• ‘In that country they have already had a number one classical hit and won the German Classical Grammy for crossover album on the year.’
    • ‘Such artists achieved crossover success.’
    • ‘It was the first black-owned record label to achieve this crossover success.’
    • ‘His approach is perfect for global music crossover success.’
    • ‘But this is not one of those blues albums where the music is slickly repackaged for crossover success.’
    • ‘Countless previous crossovers have produced great songs.’
  • 3[as modifier] Relating to or denoting trials of medical treatment in which experimental subjects and control groups are exchanged after a set period.

    ‘a crossover study’
    • ‘Carter et al did a randomized, crossover study of treatment with heliox in 11 children hospitalized with acute asthma.’
    • ‘Data from 10 schools participating in a group randomised controlled crossover trial were pooled and analysed.’
    • ‘We reduced confounding variables by using a randomised crossover trial and the same browser for searching both schemes.’
    • ‘Therefore we adopted a complicated crossover design for our study.’
    • ‘The study was conduced as a randomized, double-blind crossover trial over 7 consecutive weeks during the months of November and December.’
    • ‘Following a two-week placebo or vitamin capsule lead-in period, a randomized crossover treatment paradigm was utilized.’
    • ‘The study was a prospective, randomized, placebo-controlled, double-blind crossover trial in healthy volunteers.’
    • ‘The study was a double-blind, randomized, crossover study in which the subjects used identical inhalers containing placebo or salbutamol for 6 weeks.’
    • ‘During the validation and efficacy trial the same crossover study design was used.’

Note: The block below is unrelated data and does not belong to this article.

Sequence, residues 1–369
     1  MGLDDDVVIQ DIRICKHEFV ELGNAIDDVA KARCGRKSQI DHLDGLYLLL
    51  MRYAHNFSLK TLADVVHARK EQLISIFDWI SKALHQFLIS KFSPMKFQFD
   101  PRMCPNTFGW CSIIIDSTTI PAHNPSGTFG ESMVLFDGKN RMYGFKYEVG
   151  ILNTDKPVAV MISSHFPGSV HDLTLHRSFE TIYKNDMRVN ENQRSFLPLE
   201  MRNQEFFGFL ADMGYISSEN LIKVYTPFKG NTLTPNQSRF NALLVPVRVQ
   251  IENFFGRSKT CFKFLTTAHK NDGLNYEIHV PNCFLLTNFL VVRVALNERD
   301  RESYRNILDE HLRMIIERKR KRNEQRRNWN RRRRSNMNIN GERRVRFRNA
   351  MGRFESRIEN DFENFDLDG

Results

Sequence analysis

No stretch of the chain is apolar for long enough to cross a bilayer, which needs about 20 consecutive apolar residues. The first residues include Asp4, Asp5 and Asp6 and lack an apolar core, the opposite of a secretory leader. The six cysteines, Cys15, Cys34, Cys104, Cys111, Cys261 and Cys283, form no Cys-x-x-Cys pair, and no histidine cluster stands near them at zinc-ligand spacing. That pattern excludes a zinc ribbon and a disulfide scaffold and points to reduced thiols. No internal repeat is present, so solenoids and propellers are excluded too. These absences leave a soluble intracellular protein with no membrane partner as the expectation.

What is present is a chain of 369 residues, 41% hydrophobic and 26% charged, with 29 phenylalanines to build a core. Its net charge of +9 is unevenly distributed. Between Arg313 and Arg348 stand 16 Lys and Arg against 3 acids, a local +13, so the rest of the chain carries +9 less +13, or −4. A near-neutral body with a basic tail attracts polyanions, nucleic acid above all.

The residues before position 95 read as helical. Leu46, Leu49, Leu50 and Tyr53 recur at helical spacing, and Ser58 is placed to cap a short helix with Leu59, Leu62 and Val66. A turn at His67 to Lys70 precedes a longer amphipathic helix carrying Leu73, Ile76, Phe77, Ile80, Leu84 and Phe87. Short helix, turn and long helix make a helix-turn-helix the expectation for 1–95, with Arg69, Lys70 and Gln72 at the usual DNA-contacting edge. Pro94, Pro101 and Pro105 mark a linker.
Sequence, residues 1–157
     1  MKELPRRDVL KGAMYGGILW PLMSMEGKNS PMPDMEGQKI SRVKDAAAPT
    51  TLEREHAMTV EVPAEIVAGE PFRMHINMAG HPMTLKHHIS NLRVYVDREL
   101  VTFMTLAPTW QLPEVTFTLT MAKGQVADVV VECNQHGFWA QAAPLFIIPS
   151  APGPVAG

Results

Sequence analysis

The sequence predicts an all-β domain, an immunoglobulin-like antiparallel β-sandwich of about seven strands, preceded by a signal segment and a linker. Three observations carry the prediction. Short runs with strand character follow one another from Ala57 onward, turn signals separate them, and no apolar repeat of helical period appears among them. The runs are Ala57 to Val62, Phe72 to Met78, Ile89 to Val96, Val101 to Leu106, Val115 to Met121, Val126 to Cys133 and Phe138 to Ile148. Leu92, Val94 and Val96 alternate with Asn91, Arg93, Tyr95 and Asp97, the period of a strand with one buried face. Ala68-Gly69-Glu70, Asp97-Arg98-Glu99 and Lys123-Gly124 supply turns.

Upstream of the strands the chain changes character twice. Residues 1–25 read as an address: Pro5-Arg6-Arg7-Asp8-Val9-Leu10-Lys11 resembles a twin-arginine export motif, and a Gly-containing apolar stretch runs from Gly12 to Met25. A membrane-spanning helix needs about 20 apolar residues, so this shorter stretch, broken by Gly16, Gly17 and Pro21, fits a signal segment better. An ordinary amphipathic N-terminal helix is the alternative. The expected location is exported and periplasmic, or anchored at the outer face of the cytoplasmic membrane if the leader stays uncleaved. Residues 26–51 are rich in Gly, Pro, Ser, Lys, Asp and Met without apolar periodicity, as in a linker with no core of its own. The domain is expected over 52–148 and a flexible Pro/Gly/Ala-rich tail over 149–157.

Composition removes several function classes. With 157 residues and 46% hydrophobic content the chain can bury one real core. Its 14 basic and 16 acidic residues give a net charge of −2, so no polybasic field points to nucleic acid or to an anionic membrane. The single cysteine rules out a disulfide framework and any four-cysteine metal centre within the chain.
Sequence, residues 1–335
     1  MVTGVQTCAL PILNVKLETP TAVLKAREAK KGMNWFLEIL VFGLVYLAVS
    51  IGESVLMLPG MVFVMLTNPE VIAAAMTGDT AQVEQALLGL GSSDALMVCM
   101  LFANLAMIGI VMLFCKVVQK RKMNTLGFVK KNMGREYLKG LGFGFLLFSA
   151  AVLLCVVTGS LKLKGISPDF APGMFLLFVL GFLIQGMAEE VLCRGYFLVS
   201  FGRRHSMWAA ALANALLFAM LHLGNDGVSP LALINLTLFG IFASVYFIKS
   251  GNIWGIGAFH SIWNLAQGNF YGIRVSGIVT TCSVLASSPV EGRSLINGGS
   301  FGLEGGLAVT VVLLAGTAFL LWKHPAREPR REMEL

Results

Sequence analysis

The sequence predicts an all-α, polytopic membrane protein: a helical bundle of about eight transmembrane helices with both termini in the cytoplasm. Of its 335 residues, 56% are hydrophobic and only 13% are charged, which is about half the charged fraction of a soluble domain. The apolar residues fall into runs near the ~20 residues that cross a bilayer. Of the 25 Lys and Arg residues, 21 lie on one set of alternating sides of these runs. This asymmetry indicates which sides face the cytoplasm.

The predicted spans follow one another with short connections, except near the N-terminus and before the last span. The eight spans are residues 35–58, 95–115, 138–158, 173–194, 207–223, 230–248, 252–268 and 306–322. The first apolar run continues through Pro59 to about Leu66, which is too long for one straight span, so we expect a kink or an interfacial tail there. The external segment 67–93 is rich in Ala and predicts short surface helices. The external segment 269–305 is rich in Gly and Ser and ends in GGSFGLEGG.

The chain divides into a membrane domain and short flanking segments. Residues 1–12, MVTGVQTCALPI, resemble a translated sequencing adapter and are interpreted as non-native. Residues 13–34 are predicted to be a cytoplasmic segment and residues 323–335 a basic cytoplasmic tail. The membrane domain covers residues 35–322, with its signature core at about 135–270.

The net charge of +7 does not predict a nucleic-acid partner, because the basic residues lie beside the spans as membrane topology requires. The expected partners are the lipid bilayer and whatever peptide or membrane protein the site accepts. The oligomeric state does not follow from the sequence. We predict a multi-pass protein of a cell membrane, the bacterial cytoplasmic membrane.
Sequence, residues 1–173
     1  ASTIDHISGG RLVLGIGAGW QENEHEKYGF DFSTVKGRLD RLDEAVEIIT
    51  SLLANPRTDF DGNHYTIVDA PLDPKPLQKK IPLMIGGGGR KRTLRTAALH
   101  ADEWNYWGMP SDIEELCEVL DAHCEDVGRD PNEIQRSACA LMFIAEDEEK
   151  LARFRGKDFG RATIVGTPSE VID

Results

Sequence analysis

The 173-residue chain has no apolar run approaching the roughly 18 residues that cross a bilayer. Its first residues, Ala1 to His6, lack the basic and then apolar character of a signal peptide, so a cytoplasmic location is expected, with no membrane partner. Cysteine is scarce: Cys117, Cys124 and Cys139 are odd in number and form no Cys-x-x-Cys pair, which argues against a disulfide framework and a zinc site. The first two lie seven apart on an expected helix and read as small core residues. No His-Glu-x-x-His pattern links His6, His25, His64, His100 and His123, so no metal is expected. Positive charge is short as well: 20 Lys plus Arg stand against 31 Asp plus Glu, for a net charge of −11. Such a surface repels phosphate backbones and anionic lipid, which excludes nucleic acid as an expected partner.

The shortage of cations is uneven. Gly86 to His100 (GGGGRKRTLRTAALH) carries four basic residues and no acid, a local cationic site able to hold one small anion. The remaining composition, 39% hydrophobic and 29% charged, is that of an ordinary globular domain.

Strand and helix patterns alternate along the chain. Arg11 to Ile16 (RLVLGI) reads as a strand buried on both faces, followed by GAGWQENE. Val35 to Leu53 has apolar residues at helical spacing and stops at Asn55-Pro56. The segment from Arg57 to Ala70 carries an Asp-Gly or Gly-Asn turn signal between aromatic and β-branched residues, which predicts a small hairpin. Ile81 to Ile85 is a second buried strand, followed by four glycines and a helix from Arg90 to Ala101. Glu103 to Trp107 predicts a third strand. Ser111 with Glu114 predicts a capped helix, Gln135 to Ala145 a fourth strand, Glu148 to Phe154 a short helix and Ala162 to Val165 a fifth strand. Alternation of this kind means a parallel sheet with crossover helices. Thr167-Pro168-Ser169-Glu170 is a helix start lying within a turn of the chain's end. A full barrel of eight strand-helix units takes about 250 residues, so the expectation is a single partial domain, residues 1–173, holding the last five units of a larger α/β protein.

• ‘We performed a randomised, double blind, placebo controlled, crossover trial in seven healthy men aged 21 to 27.’
    • ‘The study design was a randomized, placebo-controlled, double-blind crossover trial of 25 patients with asthma.’
    • ‘The trial was a prospective, randomized, crossover study of 12 patients in an outpatient anticoagulation clinic.’
    • ‘In one randomized, placebo-controlled crossover trial, chiropractic therapy was associated with a decrease in PMS symptoms.’
    • ‘The study was of prospective crossover design with periods of 2 weeks at work and 2 weeks away from work.’
    • ‘The study was a randomised double blind placebo controlled crossover trial.’
    • ‘Thirty participants were evaluated in a randomized crossover trial of three 30-day diets.’
    • ‘Participants must have had a washout period after previous drug treatments, and studies with crossover designs need an appropriate washout period.’
    • ‘The study was a crossover intervention trial in which the manual and touch-free dispensers were used in 2 hospital units.’
    • ‘During a two-year period, 58 nurses participated in this crossover study.’
    • ‘The five-week trial was a randomized, double-blind, placebo-controlled, crossover study.’

Pronunciation:

crossover

/ˈkrɒsəʊvə/